Wigmore et al. published a study in 2015 comparing mortality rates over 3 years after elective surgery in a comprehensive cancer center. In a retrospective analysis, they compared mortality after cancer surgery in more than 7,000 patients given volatile general anesthesia (INHA) or total intravenous anesthesia (TIVA) . Patients in the TIVA group received sedation with propofol and remifentanil, while patients in the volatile anesthetic group received either sevoflurane or isoflurane, along with an adjunct opioid at the anesthesiologist’s discretion. Variables included patient’s age at the time of procedure, severity of malignancy, tumor site and group, intraoperative transfusion of blood products, severity of surgery, sex, height and weight, and the use of epidural analgesia, as these are all potentially confounding. The study by Wigmore et al. cannot estimate the effect of opioids since most the enrolled individuals received opioids. Such an effect would be difficult to estimate since medical provider had freedom to use to use different opioids in one arm versus remifentanil in another arm of the study. Perhaps the most significant limitation of the study is the uneven distribution of patients with more favorable prognosis and lack of the tumor staging data. The patients who were expected to have better prognosis, such as breast cancer patients, had a lower proportion in the inhaled volatile anesthetic group .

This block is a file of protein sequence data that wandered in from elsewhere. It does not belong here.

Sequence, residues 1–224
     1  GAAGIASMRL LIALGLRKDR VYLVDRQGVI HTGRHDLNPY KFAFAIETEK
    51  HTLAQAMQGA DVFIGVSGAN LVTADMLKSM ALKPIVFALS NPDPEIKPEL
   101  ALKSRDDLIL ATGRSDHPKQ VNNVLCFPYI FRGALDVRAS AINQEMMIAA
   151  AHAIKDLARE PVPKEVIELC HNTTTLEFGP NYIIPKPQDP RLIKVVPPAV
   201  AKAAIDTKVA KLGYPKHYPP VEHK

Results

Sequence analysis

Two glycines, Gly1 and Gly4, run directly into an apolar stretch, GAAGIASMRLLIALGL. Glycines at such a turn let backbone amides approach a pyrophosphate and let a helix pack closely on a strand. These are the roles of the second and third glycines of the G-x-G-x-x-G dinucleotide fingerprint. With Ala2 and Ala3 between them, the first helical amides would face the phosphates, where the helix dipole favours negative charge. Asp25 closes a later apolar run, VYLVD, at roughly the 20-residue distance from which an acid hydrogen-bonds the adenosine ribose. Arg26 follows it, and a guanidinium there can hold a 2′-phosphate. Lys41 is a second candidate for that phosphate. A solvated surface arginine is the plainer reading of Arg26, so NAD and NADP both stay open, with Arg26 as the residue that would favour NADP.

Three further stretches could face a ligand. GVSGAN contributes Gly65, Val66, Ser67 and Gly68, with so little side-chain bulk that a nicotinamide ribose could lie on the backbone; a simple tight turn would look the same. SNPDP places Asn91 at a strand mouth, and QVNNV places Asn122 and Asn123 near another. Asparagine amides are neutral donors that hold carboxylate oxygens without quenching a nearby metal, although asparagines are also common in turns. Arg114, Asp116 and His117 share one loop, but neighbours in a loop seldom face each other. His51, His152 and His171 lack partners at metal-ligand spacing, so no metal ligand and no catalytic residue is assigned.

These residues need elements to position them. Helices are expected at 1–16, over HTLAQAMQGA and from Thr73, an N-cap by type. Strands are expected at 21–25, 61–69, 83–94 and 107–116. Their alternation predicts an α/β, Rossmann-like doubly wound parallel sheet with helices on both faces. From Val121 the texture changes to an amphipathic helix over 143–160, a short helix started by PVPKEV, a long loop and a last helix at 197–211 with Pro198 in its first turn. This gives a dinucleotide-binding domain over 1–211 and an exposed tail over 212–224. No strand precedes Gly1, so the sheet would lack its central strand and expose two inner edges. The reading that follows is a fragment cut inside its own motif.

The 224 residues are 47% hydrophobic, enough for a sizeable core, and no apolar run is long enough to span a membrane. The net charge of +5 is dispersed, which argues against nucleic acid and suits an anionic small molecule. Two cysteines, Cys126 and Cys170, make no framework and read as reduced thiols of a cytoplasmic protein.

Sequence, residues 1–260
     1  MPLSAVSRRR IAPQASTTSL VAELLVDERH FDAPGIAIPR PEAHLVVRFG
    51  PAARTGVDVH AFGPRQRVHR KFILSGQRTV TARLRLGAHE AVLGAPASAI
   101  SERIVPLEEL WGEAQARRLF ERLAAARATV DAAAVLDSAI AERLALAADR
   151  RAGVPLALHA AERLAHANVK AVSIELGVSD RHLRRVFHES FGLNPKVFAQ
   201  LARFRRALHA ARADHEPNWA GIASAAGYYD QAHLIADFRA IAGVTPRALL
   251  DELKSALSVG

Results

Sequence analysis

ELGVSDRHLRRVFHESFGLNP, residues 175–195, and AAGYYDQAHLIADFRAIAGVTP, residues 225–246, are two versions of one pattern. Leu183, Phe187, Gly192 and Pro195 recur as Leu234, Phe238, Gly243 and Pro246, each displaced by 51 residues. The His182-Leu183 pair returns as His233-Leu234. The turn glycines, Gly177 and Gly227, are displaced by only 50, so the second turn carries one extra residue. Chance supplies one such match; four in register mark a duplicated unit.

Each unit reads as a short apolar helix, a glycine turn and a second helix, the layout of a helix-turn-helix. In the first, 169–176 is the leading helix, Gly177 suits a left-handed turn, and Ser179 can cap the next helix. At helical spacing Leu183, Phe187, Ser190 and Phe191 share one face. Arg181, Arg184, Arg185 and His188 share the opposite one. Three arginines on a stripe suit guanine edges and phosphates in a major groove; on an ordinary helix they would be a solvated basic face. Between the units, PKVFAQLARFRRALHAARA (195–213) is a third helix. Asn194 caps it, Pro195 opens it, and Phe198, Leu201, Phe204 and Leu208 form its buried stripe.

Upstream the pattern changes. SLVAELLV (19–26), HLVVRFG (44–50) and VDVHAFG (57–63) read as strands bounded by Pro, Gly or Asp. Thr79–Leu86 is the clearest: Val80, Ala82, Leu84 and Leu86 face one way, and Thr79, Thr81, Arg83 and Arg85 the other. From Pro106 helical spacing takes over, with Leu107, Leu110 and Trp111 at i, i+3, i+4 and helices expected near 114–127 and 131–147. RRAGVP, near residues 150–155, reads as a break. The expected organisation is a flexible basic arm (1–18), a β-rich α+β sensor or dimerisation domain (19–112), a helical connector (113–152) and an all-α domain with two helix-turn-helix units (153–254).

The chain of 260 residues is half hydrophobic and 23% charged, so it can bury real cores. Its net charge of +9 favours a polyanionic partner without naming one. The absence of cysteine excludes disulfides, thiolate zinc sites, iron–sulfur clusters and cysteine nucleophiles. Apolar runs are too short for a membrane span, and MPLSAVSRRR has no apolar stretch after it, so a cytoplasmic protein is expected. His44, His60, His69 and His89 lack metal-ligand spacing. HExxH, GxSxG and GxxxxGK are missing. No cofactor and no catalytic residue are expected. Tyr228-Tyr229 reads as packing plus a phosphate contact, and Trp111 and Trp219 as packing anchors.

Interestingly, results showed that the mortality was approximately 50% greater with volatile than with IV anesthesia, with an adjusted hazard ratio of 1.46 (1.29 to 1.66), no matter their ASA score, surgical severity, or whether the patient had metastasis at the time of the procedure . The study, as with many studies of this nature, showed an association but not causation between the type of anesthetic delivered and survival rates. There is a need for further large and prospective studies to investigate this association, as well as the expansion of laboratory and animal studies to explore the possible biological mechanism. This study in particular, suggests the differential effect of volatile anesthetics versus TIVA on tumor progression, and potential implications of their effect on the immune system in the perioperative period .
Inherited limitations of the study by Wigmore et al. are difficult to overcome in a rigorous fashion. However, his observations are well aligned with studies from more than four decades ago, when the association between volatile anesthetics and neoplasm progression was first observed. Lundy et al. proposed that the combination of halothane, surgery and immunosuppression increased pulmonary metastases in mice inoculated with tumor cells . Shapiro et al. found that lung tumor progression was accelerated in mouse models when exposed to halothane and nitrous oxide . There are no human studies on the isolated effect of volatile anesthetics on tumor spread and metastasis. Nevertheless, since inhaled anesthetics have direct and indirect effects on different aspects of the immune response, it is reasonable to assert that they are important actors in postoperative immunosuppression and residual malignant cell migration and invasion.
Interestingly, recent evidence shows oxidative DNA damage induced by isoflurane in elective surgery suggesting that inhalation anesthesia could potentially trigger tumor growth. Coincidently, Musak et al. showed that healthcare personnel exposed to volatile anesthetics exhibit higher frequency of chromosomal damage . These findings imply direct carcinogenic effects of inhaled anesthetic agents, making the issue of perioperative tumor progression an even more complex matter.